Posted: 11:11 am Thursday, August 14th, 2014

Adam Gotsis talks camp life: ‘You’ve got to find that next gear’ 

By Ken Sugiura

Georgia Tech defensive tackle Adam Gotsis, shown here tussling with guard Shamire Devine, said the grind of preseason camp is such that he is typically asleep by 9:15 p.m. (GEORGIA TECH/DANNY KARNIK)

Georgia Tech defensive tackle Adam Gotsis, shown here engaging guard Shamire Devine in a pass-rush drill, said the grind of preseason camp is such that he is typically asleep by 9:15 p.m. (GEORGIA TECH/DANNY KARNIK)

 

A veteran now of three preseason camps, Georgia Tech defensive tackle Adam Gotsis lent some insight into the grind that is the Yellow Jackets’ training in advance of the season. Mostly, he says, it’s a mental exercise to push past the toll that daily full-pads practice takes on the body.

Q: How is camp going?

A: It’s still physical. We’re still going, still going strong, like, banging but a lot of it’s just becoming mental. It’s guys, their bodies are tired, they’re thinking about how sore they are rather than what they need to do. I mean, we’re all guilty of that now and then. We’ll stuff up an assignment just because we’re not 100 percent, thinking about it. That’s the toughest part about camp. When you get to, like, day 12, day 13, it’s all just mental now. You’ve got to find that next gear and just bring it up to that next level.

Q: How sore are you?

A: I’m alright. It’s more just like, fatigue, like your body’s wearing down when you’re going every day. But, I mean, we’ve got like some recovery (supplements) out there now. We’ve got, like, the Powerade popsicles and a little shake out there. Things like that just to get in your body once you start working out. Also utilizing the ice tubs and things like that. You’ve got to look after yourself in camp.

Q: So, then, how tired are you?

A: Tired. Sleepy. But no, just the legs are going to be heavy just because you’re constantly coming out of a stance all day. We’ve also working out (with weights), as well. It’s tough, but it’s just mental. You’ve just go to push yourself. You’ve got to realize that everyone else in the country is doing the exact same thing, if not more. So that’s what you’ve got to keep in the back of your mind constantly.

You’ve got to be the guy that’s going to bring that positive energy to the team today. You can’t be one of those guys coming in going, Man, I’m hurt. I’m hurting. As soon as you say that, someone else is going to be, Yeah I’m hurting, too. Then, it spreads. It puts that negative vibe over the team. Where, if you come in, you’ve just got to be like, Guys, we’ve got to push through today.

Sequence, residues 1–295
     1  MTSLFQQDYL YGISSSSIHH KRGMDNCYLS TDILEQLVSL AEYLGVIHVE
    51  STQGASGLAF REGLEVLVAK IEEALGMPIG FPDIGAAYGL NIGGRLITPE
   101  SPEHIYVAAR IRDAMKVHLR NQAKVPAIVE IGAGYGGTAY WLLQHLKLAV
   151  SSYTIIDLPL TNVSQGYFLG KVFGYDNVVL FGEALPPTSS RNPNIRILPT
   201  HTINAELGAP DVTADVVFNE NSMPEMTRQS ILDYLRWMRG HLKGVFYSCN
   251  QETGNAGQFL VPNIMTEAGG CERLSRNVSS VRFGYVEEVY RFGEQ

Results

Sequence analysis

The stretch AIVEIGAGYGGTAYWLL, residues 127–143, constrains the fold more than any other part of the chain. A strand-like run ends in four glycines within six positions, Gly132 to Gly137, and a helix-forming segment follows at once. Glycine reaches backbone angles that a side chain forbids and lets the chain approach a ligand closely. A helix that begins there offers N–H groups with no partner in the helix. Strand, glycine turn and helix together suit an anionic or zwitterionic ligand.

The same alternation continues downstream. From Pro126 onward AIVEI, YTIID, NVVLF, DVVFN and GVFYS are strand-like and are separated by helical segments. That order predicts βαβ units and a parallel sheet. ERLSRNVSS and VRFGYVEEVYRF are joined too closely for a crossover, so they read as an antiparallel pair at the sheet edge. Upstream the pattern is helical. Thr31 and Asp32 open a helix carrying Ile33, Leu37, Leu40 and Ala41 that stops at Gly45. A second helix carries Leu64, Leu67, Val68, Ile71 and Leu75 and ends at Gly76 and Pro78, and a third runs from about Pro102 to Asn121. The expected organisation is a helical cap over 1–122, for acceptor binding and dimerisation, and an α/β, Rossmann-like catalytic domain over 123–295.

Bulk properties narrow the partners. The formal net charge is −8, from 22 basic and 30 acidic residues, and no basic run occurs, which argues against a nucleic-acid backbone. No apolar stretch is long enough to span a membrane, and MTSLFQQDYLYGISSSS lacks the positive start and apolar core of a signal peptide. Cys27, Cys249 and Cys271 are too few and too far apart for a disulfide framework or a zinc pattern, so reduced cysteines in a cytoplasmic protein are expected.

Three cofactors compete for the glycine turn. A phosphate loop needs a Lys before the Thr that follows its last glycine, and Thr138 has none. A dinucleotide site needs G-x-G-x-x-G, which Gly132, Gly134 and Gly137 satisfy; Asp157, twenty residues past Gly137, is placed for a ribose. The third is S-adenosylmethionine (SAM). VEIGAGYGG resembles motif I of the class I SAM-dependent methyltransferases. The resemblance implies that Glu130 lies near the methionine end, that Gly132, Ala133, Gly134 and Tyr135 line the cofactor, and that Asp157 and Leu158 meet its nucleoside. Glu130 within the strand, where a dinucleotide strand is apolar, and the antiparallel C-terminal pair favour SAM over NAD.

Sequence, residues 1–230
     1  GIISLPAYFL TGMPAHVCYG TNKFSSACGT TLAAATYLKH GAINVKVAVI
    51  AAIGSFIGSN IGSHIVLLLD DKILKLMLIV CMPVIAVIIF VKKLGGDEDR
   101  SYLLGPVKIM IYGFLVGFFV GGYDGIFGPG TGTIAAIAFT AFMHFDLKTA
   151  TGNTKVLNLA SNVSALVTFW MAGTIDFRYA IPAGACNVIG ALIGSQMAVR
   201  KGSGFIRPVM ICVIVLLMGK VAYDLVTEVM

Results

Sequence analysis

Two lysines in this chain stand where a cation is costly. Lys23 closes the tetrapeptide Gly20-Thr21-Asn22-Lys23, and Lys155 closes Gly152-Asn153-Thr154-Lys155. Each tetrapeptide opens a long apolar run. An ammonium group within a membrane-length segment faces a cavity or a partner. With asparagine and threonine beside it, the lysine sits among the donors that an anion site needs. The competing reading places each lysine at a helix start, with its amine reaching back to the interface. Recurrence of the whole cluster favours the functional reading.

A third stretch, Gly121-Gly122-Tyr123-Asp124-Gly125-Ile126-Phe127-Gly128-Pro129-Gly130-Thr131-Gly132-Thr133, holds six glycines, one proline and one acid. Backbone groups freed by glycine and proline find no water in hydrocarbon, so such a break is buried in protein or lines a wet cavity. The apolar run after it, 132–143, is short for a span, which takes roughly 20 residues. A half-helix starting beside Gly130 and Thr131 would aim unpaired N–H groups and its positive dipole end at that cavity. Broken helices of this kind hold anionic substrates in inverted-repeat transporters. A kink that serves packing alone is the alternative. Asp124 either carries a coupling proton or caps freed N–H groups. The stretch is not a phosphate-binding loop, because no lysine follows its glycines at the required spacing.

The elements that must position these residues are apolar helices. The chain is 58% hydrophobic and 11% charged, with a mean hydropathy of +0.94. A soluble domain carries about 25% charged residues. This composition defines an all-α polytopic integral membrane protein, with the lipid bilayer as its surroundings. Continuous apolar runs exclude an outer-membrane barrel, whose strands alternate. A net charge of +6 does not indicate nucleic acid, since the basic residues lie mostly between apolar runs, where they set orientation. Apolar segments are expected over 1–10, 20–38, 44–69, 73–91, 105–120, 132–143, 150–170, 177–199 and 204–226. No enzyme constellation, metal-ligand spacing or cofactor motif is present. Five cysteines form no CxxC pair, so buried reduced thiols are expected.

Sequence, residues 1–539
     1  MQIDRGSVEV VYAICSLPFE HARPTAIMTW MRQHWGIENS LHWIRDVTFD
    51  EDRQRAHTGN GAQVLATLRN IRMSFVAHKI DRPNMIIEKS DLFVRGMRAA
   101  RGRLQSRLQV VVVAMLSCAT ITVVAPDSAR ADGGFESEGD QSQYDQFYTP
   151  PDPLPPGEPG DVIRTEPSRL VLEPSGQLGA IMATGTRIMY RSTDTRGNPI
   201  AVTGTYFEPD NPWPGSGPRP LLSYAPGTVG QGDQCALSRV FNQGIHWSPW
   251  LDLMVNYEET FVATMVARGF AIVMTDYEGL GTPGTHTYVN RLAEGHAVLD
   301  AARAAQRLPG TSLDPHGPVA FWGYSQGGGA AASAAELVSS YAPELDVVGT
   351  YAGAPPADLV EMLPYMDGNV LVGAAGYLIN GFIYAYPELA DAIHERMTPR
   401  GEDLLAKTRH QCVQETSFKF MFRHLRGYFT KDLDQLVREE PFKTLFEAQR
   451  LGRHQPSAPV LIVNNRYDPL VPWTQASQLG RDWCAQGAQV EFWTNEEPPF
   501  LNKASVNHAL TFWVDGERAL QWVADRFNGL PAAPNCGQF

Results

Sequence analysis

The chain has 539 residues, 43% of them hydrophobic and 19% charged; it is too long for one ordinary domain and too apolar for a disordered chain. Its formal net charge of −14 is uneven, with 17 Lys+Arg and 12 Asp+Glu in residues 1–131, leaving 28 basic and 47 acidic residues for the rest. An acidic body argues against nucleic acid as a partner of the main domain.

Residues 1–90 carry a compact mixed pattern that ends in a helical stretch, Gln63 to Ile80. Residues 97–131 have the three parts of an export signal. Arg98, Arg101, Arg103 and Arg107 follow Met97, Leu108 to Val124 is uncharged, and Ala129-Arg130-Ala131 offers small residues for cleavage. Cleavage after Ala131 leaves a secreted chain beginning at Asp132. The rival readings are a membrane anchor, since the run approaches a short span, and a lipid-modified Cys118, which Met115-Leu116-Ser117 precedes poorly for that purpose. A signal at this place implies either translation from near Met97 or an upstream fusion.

Q: Is there more of the latter than the former?

A: There’s a bit of both. There’s always going to be a bit of both. We’ve just got to keep setting that positive vibe. Guys with just that positive mentality coming into everyday like, from the moment they wake up, just pushing each other to get through the day and get better every day. That’s kind of the vibe we’re trying to go with. Push yourself mentally and physically every day and just become a better player.

Q: What time do you have to wake up?

A: 7 a.m. wake-up on just the normal days where we’ll train once a day. Two-a-days, it’s 6:20 wake-up. It’s not too bad. We normally get out of meetings at 9, 8:30, 9-ish. I’m in bed at like, 9:15. As soon as I get back to the hotel, I’m like, TV might be on, but I’ll lay in bed, I’ll send like, one text message and almost sleep before I even get a reply. I’ll get like, five replies, like, Are you asleep?  Wake up in the morning, (I text back), I’m sorry.

Q: Who are you rooming with?

A: I’m rooming with C.J. Leggett. Pretty cool rooming with him. I didn’t room with a freshman either of my (first two) years, so it’s been pretty cool. We’ve just been talking. I’ve just been giving him advice about my experiences through my camps that I’ve been through and stuff like that.
It’s just good to see like, how eager he is and how much he wants to be out there and want to be playing, because he’s been out the last few days, as well. I’m just trying to stay positive with him and (tell him) whether it is he gets redshirted or not, he’s going to have an influence on the team. That’s the attitude I think these guys, the freshmen, just need to have. Whether it’s a redshirt or not, everybody play a role on the team. That’s just kind of the conversations we have.

2 comments
juvenal
juvenal

not as bad as SEAL training, but just as voluntary......